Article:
thank you for this very informative hub!


RealHousewife profile image

RealHousewife 3 years ago from St. Louis, MO

Dave just went to the doc so I could have them check a mole (it changed color just a bit). Doc says it's fine but to keep checking for changes.

He told me on speaker phone to MAKE SURE everyone wears SPF tanning lotion.

I knew those tanning beds were gonna be bad for ya. When they first came out I was about 15...I decided to wait and see what happened long term....nice for all those people to be guinea pigs, huh?


LABrashear profile image

LABrashear 3 years ago from My Perfect Place, USA

Important information! A few years ago a woman I went to school with passed away from melanoma. Very sad. Thanks for writing about this.


Austinstar profile image

Austinstar 3 years ago from Somewhere in the universe Author

Skin cancer killed my great uncle and is now affecting my brother. I watch my skin carefully. But cancer is a disease of our environment and aging. Not a whole lot can be done about it.

Just live as healthy as possible everyone!


HoneyBB profile image

HoneyBB 3 years ago from Illinois

Thanks for the info, I had Squamous Cell Carcinoma a few years back. It had not metasticized. It started out as a little pimple and then more began surrounding it. I knew pretty quick that "something wasn't right" so I went to get it checked out. They cut it out which didn't hurt a bit and it was outpatient. So far, it hasn't returned. I used to go in the sun kind of a lot when I was a lot younger but have been staying out of the sun mostly for about 20 years now. Great hub. Thanks for sharing.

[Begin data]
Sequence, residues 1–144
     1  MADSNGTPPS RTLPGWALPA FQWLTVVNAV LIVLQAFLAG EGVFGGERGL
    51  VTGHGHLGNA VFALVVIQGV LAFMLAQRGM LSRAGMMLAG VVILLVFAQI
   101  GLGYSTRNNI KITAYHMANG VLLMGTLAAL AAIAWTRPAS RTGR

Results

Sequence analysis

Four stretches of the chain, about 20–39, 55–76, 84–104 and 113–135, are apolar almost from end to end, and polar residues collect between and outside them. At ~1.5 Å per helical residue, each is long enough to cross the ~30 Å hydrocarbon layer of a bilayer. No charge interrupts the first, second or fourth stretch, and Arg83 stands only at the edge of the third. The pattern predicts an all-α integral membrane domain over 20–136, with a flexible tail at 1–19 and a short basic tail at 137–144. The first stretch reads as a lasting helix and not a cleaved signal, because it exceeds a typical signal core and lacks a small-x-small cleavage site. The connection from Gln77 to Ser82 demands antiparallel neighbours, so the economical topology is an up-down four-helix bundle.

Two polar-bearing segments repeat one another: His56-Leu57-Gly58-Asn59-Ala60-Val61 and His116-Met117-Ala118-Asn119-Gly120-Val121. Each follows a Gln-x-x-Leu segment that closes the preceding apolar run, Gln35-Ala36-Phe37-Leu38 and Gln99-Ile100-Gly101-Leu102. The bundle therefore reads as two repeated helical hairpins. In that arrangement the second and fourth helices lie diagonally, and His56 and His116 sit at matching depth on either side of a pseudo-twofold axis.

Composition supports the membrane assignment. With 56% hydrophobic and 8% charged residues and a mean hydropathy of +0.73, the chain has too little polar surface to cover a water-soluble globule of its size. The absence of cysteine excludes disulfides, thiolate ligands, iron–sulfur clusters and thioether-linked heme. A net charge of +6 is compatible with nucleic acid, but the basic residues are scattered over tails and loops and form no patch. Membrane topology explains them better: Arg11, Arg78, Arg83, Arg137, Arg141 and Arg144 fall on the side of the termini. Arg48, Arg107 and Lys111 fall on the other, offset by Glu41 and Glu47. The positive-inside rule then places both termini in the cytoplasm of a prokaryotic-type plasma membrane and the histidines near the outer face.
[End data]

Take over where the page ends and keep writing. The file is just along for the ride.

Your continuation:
Austinstar profile image

Austinstar 3 years ago from Somewhere in the universe Author

It's a shame that the sun is so harmful while at the same time so life sustaining.

Some company should make a liquid shield that sprays on without any harmful ingredients. That would be nice. I've tried the spray on lotions and they suck so far.


HoneyBB profile image

HoneyBB 3 years ago from Illinois

That would be an awesome invention and a big life saver.

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    Austinstar profile image

    Austinstar1,080 Followers
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    Lela became a MLT in 1976, then a fully licensed and certified Medical Laboratory Scientist (ASCP) in the 1990s. She has over 30 years exp.